A Christian supply teacher who was sacked for offering to pray for a sick pupil during a home tutoring visit has been told by her employer that she can return to work.
Olive Jones has been offered an opportunity to return to her position after her employer, North Somerset Council, acknowledged that it can be appropriate for a teacher to offer to share their faith with a pupil or their family.
Mrs Jones, from Weston-super-Mare, is said to be “delighted” with the Council’s decision to reinstate her.
She added: “I am hugely relieved. I feel I’ve been vindicated.”
Mrs Jones has also expressed her gratitude for the sympathetic coverage her case has received in the media.
She was supported by Andrea Minichiello Williams from the Christian Legal Centre (CLC).
Mrs Williams welcomed the news saying: “Common sense has prevailed”.
She added: “We are delighted with this outcome and that Olive Jones has been offered the opportunity to return back to her old job.”
The reinstatement follows a meeting last month between Mrs Jones and North Somerset Council, where Mrs Jones was able to defend her action.
A spokeswoman for the Council has subsequently confirmed that it can be appropriate for a teacher to offer to share their faith with a pupil.
However, the spokeswoman warned that “a careful professional judgement needs to be made as to whether this is appropriate and indeed acceptable to the person and family concerned”.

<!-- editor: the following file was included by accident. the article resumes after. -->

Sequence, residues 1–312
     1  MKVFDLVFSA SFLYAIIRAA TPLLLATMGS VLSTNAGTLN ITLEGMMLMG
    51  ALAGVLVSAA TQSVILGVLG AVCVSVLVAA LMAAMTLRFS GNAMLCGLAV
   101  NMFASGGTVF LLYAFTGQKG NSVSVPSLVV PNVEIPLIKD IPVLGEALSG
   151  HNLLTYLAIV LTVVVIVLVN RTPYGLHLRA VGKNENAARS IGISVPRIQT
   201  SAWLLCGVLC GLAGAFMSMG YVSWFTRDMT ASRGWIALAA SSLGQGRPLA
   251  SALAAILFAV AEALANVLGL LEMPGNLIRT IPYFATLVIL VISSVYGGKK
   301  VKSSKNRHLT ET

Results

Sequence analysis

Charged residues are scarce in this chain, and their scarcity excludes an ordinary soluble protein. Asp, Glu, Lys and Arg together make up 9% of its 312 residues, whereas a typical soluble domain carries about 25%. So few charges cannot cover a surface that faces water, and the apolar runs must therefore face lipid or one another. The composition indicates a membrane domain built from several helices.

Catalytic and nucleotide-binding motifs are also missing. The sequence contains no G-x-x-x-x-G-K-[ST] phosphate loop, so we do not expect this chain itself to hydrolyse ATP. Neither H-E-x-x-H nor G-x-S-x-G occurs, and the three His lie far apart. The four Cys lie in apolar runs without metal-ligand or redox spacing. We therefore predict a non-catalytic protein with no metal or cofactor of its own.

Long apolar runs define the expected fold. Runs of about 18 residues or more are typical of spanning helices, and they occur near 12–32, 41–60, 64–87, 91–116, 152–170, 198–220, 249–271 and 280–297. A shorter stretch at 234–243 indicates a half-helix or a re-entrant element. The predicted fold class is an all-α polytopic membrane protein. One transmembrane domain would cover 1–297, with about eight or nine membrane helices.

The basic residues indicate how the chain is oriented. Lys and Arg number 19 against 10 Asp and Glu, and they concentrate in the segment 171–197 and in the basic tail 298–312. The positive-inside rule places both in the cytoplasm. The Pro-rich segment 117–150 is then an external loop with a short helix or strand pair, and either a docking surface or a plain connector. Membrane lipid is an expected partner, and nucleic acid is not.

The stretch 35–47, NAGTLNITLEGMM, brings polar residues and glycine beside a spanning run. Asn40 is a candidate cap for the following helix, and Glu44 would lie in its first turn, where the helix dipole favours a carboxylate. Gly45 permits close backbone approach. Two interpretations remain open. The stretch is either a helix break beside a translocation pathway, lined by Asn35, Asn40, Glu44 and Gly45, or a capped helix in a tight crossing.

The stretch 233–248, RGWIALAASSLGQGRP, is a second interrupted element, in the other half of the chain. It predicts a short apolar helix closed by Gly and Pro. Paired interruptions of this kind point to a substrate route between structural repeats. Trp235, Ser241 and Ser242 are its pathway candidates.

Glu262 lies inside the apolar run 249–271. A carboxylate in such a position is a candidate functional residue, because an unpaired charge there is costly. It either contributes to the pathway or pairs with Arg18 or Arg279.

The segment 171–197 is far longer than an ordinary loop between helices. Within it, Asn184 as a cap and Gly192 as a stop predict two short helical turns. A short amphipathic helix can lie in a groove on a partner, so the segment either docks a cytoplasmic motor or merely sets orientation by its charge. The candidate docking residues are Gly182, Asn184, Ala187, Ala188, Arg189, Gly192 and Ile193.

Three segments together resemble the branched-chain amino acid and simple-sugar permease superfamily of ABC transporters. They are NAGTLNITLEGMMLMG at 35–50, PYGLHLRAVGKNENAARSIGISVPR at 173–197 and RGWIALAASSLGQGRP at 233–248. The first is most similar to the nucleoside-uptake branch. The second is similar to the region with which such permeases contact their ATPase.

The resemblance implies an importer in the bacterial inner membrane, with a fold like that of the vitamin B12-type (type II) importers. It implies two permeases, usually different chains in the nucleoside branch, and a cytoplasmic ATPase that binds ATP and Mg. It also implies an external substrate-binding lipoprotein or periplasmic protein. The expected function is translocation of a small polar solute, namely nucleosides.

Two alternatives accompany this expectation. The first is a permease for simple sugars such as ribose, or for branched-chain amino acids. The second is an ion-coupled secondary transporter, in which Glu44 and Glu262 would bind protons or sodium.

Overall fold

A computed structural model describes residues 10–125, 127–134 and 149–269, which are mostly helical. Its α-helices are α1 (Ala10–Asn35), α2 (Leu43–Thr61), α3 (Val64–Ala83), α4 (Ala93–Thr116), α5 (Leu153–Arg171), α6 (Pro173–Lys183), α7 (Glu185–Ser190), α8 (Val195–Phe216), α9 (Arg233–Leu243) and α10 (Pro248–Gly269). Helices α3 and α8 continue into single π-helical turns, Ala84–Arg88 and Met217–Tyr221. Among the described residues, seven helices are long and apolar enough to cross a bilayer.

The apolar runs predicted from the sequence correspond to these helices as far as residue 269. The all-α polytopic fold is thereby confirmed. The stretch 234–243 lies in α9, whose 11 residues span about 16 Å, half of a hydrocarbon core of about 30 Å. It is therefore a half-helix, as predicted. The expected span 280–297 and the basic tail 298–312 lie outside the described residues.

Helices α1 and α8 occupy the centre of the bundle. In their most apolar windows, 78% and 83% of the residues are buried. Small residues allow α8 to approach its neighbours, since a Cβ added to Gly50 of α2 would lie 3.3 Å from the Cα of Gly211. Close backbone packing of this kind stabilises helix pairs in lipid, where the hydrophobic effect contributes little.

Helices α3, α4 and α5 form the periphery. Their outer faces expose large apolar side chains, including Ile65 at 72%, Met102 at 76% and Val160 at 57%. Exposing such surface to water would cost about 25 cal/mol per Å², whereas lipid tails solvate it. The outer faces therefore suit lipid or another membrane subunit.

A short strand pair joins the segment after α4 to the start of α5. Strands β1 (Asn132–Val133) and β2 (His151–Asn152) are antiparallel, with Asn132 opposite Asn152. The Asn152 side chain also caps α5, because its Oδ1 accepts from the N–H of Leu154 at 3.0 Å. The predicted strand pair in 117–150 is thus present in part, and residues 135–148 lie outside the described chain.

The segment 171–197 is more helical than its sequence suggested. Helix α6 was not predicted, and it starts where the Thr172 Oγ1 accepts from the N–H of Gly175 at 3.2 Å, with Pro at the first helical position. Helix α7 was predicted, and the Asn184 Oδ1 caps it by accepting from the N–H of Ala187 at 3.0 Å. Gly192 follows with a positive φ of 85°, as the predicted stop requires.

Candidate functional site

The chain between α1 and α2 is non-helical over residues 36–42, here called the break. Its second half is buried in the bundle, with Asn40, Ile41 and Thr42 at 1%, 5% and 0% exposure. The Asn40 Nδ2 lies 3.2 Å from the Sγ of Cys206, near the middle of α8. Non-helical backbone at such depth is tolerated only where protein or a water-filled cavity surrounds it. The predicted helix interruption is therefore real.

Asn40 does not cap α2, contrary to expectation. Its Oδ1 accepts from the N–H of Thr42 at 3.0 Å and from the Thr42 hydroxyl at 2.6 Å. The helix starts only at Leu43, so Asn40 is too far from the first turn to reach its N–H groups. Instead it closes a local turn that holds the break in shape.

Mrs Jones worked twelve hours a week for the Council’s North Somerset Tuition Service.
The row about her offer of prayer erupted following a home tutoring lesson last November.
The pupil had said she did not feel well enough for the lesson so she stayed in her room while Mrs Jones chatted with the girl’s mother.
Mrs Jones raised the topic of her faith, saying she believed God had saved her life during an ordeal as a teenager. Unbeknown to Mrs Jones the girl’s mother lodged a complaint.
Her colleagues at the Council failed to inform Mrs Jones of any criticism.
It was not until after her next visit to the pupil when she again referred to her belief in God that she was brought before her bosses for questioning and dismissed from her post with immediate effect.
Mrs Jones’ case echoes that of Caroline Petrie, the nurse who was suspended from her job after she offered to pray for a patient.
Mrs Petrie was suspended in December 2008 and returned to work in February the following year.
North Somerset Primary Care Trust, Mrs Petrie’s employer, acknowledged that she was acting in her patient’s “best interests”.
A recent Christian Institute report revealed the extent to which Christians in Britain are being marginalised, often by equality and diversity laws.
The report, called Marginalising Christians, catalogues numerous cases of Christians being sidelined by public bodies, popular media, employers and barriers to public funding.